26 Jun 2011
Each documenta takes its character from the ideas and concept of its Artistic Director, and is therefore not only a forum for current trends in contemporary art, but a place where innovative and standards-setting exhibition concepts are trialed. In each edition, documenta has played a leading role in taking the international discourse about art in new directions. Over the past decades, documenta has established itself as an institution that goes far beyond a survey of what is currently happening, inviting the attention of the international art world every five years for this "museum of 100 days." The discourse and the dynamics of the discussion surrounding each documenta reflects and challenges the expectations of society about art.
documenta 14, Kassel: Learning from Athens
On October 6, 2014, a symposium titled “documenta 14, Kassel: Learning from Athens” was held at Kunsthochschule (Academy of Fine Arts) in Kassel, Germany, at the invitation of the academy. Organized by the team of documenta 14, and led by Artistic Director Adam Szymczyk, the symposium presented key members of the next documenta organization, as well as discussed essential ideas and thematic concerns of the exhibition project as a whole, scheduled to take place in 2017.
The city of Kassel has been the host of documenta since its inception in 1955. Likewise, over the past thirteen editions, documenta has served as host to many artists and cultural practitioners from around the globe. But, ultimately, this position of host—with all the privileges involved—appears to be no longer tenable and begs to be questioned, if only temporarily. To this end, Szymczyk introduced documenta 14’s planned twofold structure: In 2017, documenta 14 will establish a second site—Athens—bringing Kassel and the Greek capital onto equal footing as the two locations of the exhibition. Thus documenta’s undisputed position as host will be abandoned for another role, that of guest, in Athens.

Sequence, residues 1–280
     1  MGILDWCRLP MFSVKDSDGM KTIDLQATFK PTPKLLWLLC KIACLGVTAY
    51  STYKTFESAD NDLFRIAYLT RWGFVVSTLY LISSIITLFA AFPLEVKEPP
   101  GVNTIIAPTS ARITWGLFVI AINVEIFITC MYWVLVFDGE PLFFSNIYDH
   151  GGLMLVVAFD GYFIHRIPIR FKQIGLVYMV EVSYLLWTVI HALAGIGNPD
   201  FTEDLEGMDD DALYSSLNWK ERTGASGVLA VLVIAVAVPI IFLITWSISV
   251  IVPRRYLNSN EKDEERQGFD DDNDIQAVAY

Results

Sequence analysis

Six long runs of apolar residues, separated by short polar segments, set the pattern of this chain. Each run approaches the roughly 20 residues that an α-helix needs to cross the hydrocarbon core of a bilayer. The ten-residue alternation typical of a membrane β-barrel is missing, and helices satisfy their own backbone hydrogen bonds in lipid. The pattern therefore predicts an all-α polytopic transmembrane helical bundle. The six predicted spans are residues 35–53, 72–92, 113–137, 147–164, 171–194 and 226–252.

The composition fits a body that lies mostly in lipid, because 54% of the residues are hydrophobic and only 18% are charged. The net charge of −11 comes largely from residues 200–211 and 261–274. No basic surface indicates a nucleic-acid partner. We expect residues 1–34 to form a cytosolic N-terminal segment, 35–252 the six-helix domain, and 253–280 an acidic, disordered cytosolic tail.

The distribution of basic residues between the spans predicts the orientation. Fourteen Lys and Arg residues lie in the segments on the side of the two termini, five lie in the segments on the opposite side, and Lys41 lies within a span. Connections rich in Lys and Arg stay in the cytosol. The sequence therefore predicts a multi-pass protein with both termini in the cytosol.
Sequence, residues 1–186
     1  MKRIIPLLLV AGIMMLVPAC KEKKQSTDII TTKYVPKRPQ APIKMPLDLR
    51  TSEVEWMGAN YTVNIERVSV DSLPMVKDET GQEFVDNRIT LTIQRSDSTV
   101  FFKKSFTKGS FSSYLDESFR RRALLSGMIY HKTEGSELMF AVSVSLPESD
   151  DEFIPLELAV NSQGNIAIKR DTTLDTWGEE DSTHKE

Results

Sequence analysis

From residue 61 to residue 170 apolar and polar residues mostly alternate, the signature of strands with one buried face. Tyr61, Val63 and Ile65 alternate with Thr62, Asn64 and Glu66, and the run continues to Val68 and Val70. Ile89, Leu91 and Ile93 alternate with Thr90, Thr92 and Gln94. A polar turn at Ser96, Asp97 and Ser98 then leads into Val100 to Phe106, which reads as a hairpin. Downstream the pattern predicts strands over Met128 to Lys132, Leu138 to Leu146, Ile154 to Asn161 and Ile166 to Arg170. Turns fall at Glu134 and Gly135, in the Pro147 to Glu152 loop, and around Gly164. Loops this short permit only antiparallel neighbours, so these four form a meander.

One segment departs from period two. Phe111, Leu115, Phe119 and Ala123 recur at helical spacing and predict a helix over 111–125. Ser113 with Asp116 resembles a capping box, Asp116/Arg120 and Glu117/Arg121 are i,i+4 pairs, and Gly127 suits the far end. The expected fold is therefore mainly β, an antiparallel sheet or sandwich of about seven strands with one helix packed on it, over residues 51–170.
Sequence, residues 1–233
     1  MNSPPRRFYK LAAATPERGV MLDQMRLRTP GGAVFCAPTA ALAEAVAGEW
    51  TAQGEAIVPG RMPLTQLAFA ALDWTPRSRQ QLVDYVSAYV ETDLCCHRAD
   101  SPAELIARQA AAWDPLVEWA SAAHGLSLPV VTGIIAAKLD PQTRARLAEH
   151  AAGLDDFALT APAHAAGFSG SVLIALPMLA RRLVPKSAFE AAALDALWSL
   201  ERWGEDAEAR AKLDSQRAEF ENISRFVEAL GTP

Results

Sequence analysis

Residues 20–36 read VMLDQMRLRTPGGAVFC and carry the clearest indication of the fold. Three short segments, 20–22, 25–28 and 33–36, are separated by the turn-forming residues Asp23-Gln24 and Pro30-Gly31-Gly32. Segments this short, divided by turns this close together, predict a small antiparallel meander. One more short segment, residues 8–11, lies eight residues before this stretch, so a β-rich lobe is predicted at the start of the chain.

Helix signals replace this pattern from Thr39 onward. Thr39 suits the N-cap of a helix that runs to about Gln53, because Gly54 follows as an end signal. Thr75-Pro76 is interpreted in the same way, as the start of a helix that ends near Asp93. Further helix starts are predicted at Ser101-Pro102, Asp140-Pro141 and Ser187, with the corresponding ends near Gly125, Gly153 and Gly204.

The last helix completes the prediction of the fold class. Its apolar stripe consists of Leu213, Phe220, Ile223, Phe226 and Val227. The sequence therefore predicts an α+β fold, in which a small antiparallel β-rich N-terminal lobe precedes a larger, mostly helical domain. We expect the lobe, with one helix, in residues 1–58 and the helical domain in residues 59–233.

Szymczyk noted that the main lines of thinking behind this move are manifold. They have to do with the current social and political situation both in Europe and globally, which motivates artistic action. Further, they indicate the need to embody in documenta 14 the palpable tension between the North and the South as it is reflected, articulated, and interpreted in contemporary cultural production. The challenge involves avoiding the traps of binary logic, while resonating with changing realities. To that end, instead of the singular spectacle, with its clearly designated location and temporal order, typical for great international exhibitions, documenta 14 will comprise two iterations set in dynamic balance in space and time.
The distance between Kassel and Athens will fundamentally alter the visitors’ experience of documenta 14. A feeling of loss and longing brought about by geographic and mental displacement created by two distant iterations of the exhibition might change the visitors’ perception of the show, working against the idea of rootedness and countering the widespread, normative assumption that such an exhibition must sustain the unity of action, place, and time.
Challenging this state of things, documenta 14 will attempt to encompass a multitude of voices in, between, and beyond the two cities where it is situated, reaching beyond the European context from the vantage point of the Mediterranean metropolis, where Europe, Africa, the Middle East, and Asia face each other. The diverse and diverging locations and socioeconomic circumstances of Kassel and Athens will come to bear on the very process of creation of the exhibitions, while inspiring and determining its individual works of art. For documenta 14, the participating artists will be invited to think and produce within the dynamic between these two cities.
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